Internet service providers (ISPs) grant customers the ability to access the Internet. Without them and their servers, the Internet becomes an unreachable goal for many people. That said, ISPs aren’t perfect and are often on the receiving end of criticism.
Perhaps the biggest reason ISPs experience so much criticism is because of a lack of user privacy. See, ISPs grant customers internet access by routing a user’s data through their own servers. This means that ISPs have access to the information you’re sending. But what information do they collect?
What Do They Know?
ISPs know almost everything about their customers—that’s a fact. Because they route all user data through their servers, they can see everything, from the IP address of a phone to the email someone sent to their family. They see it all.
Depending on the level of encryption, ISPs can even see the websites someone visits! Even their browsing history! Suffice it to say, Internet users are monitored 24/7, if not by criminals, then by their ISP.
This constant monitoring and tracking of data makes one wonder why. Why do ISPs, which are often large corporations or government subsidiaries, need to collect information on their customers?
Why Do ISPs Track User’s Data?
There are a couple of reasons why ISPs collect user data, the major driving force being profit. In an age where nearly five billion people use the Internet, user data has become akin to gold.
Companies value user data because it helps them learn what products people want to see/are searching for. Governments need a hold on user data to know what citizens are currently talking about and what the people want. But ISPs? They see pure profit in data.
ISPs can, and do, sell user data off to these corporations and governments. In some countries, the selling and trading of data require permission from users, but not every country does. Recent years have even seen ISPs gain more power in fields where they once had none, such as when the United States Senate removed the need for ISPs to obtain consent to sell user’s data.
Profit drives independent ISPs—ISPs separate from the government—but what about ISPs that work closely with governments? In these cases, ISPs are focused more on retaining power than making a profit.
Take, for example, the three major ISPs in China. The three ISPs are China Mobile, Telecom, and Unicom, and each of them are state-owned, i.e., function as part of the government.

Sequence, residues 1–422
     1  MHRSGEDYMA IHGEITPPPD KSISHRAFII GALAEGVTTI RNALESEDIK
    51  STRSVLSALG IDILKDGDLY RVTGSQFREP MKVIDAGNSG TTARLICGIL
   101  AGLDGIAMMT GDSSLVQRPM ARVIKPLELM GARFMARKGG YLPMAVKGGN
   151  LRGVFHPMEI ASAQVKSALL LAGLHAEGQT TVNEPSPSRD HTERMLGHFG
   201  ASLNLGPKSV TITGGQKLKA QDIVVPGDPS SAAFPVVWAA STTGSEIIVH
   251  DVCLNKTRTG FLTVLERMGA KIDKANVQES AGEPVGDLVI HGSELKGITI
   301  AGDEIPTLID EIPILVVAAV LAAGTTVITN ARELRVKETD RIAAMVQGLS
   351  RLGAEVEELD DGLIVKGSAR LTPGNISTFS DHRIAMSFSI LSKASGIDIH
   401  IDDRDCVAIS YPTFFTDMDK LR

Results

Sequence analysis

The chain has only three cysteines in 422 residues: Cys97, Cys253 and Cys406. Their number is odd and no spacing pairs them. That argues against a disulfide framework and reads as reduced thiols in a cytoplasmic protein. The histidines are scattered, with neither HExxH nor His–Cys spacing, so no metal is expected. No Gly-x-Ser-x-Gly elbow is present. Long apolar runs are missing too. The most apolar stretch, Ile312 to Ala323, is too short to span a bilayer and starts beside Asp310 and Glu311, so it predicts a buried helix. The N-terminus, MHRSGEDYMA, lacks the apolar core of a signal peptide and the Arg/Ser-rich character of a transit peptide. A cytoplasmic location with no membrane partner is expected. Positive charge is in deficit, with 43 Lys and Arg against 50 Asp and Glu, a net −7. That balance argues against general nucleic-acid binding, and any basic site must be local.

Censorship runs rampant in China, and the Internet is no different. Many major sites are banned in China, and only government-approved news sites and social media apps are allowed. How is this possible? Because the three ISPs collect data and work with the government to help keep the Internet censored.
3) Bandwidth Throttling
Not all reasons for data collection are as nefarious, however. Many ISPs collect data because they have thousands to millions of users and a limited amount of servers to accommodate everyone.
In cases an ISP deems necessary, they may limit the amount of bandwidth users have access to in order to grant sufficient bandwidth to other customers. This taking away of bandwidth, a practice known as bandwidth throttling, hurts the Internet speeds of the people affected.
User data can be used to determine who may be taking up large amounts of bandwidth and who may not need as much bandwidth as they’re using. This happens fairly often, and most ISPs perform bandwidth throttling to the annoyance of customers everywhere.
How Do You Maintain Privacy?
No matter the reason ISPs breach user privacy and collect data, one thing is clear: this lack of respect for user data is unacceptable. And while there’s no escaping needing an ISP to use the Internet, there are ways to mitigate the data they can collect.
1) Make Tor Your Main Browser
Google Chrome may be the most popular browser out there, but it is certainly not the most secure. And while browsers like Firefox and Opera promise better privacy, they aren’t as secure as the Tor browser.
Tor routes all user activity through servers located around the world and anonymizes the data sent through. The downside to Tor is it can be slow due to the way Tor’s node system functions and how bandwidth is shared across users. But there is another solution for anonymizing data.
2) Anonymize Your Data With a VPN
Virtual Private Networks (VPNs) route users’ data through private VPN servers, anonymizing each piece of data in the process. Unlike Tor, VPNs don’t handicap Internet speeds and, in some cases, can help.
A VPN download for all devices can save someone a lot of time and frustration with their ISP while also making sure their data remains safe and anonymous.
3) Use HTTPS Everywhere
Many major websites nowadays use HTTPS, a secure, encrypted version of the HTTP protocol that prevents third-parties from collecting and viewing your data. But while HTTPS has become the standard for modern websites, many have failed to catch up.
If a website you frequent isn’t using HTTPS, there are browser extensions out there you can use to force HTTPS anywhere you go.
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